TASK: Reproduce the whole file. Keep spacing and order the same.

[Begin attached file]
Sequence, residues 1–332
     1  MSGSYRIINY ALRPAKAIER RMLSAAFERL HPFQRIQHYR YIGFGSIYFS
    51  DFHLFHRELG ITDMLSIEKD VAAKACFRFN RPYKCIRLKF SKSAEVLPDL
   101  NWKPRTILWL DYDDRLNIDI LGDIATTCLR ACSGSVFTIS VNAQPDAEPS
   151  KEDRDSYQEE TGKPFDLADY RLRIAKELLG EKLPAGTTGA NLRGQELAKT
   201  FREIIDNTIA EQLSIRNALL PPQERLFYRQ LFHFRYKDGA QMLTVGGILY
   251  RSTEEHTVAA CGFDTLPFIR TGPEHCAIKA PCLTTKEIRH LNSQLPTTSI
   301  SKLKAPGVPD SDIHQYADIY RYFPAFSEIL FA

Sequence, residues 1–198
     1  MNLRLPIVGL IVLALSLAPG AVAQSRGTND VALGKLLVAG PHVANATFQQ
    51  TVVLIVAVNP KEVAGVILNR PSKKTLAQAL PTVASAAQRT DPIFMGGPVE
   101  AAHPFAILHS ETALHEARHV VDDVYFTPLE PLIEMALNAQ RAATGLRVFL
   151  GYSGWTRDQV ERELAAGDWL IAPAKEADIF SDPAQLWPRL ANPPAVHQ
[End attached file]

Sequence, residues 1–332
     1  MSGSYRIINY ALRPAKAIER RMLSAAFERL HPFQRIQHYR YIGFGSIYFS
    51  DFHLFHRELG ITDMLSIEKD VAAKACFRFN RPYKCIRLKF SKSAEVLPDL
   101  NWKPRTILWL DYDDRLNIDI LGDIATTCLR ACSGSVFTIS VNAQPDAEPS
   151  KEDRDSYQEE TGKPFDLADY RLRIAKELLG EKLPAGTTGA NLRGQELAKT
   201  FREIIDNTIA EQLSIRNALL PPQERLFYRQ LFHFRYKDGA QMLTVGGILY
   251  RSTEEHTVAA CGFDTLPFIR TGPEHCAIKA PCLTTKEIRH LNSQLPTTSI
   301  SKLKAPGVPD SDIHQYADIY RYFPAFSEIL FA

Sequence, residues 1–198
     1  MNLRLPIVGL IVLALSLAPG AVAQSRGTND VALGKLLVAG PHVANATFQQ
    51  TVVLIVAVNP KEVAGVILNR PSKKTLAQAL PTVASAAQRT DPIFMGGPVE
   101  AAHPFAILHS ETALHEARHV VDDVYFTPLE PLIEMALNAQ RAATGLRVFL
   151  GYSGWTRDQV ERELAAGDWL IAPAKEADIF SDPAQLWPRL ANPPAVHQ